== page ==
A Cancun-Style Fairytale

In summer 2005, I left my family and friends behind. At age 19 I had moved to Cancun, a place where I didn’t know anybody. My first memory of the city is riding in a van from the airport to the downtown bus station. The van passed through the entire length of the Cancun Hotel Zone, stopping to let off other passengers along the way. The city had me hooked immediately. From that first van ride from the airport, I was mesmerized by the glittering lights of the huge beach hotels. This was where I belonged.

This week, 9 years of exploring, writing and learning have culminated in something pretty cool: one of the biggest travel publications in the world has named me a Cancun expert.

I’m thrilled to announce that I’m the Travel + Leisure Cancun Local Expert!

It’s every travel writer’s dream to write for a huge publication like Travel + Leisure, and I’m beyond happy to be working with them. I’ll be sharing my Travel + Leisure articles periodically on the Gringation Blog Facebook page so you can see even more of this city that I love so much.

They also have an extensive list of other great travel experts in different cities across the globe, which you can see here. I’m in good company.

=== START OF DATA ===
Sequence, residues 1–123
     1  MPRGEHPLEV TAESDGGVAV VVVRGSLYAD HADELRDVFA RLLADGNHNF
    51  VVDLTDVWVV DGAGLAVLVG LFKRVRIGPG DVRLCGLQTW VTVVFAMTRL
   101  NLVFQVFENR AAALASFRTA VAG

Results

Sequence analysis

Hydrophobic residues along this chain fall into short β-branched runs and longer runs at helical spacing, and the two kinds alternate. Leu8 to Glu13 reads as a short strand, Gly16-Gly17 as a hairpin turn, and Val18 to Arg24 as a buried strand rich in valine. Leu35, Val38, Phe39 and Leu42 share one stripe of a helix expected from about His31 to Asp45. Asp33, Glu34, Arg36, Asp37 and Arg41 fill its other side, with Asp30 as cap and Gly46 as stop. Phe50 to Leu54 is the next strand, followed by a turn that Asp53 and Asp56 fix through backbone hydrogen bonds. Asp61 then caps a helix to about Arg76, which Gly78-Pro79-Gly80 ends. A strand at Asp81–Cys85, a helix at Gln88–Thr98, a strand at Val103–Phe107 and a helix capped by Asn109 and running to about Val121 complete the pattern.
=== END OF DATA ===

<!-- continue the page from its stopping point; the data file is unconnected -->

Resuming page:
From confused teenage American in 2005… to top Cancun travel expert in 2014!

Thanks to my parents for going along with my crazy move to Mexico, to Jorge for always being there to convince me I’m superwoman, to my boss Michele Kinnon at BuyPlaya Real Estate for recommending me to Travel + Leisure, and to all of my Mexican friends who have showed me what this culture is all about over the past decade.

Snorkeling Adventure in Tankah Cenote

Snorkeling used to terrify me. I would put my face under the water and instantly feel like I was being suffocated. Maybe that’s what claustrophobia feels like?

But living in the Cancun and Riviera Maya area, you have to get over your fear of snorkeling if you want to have any fun!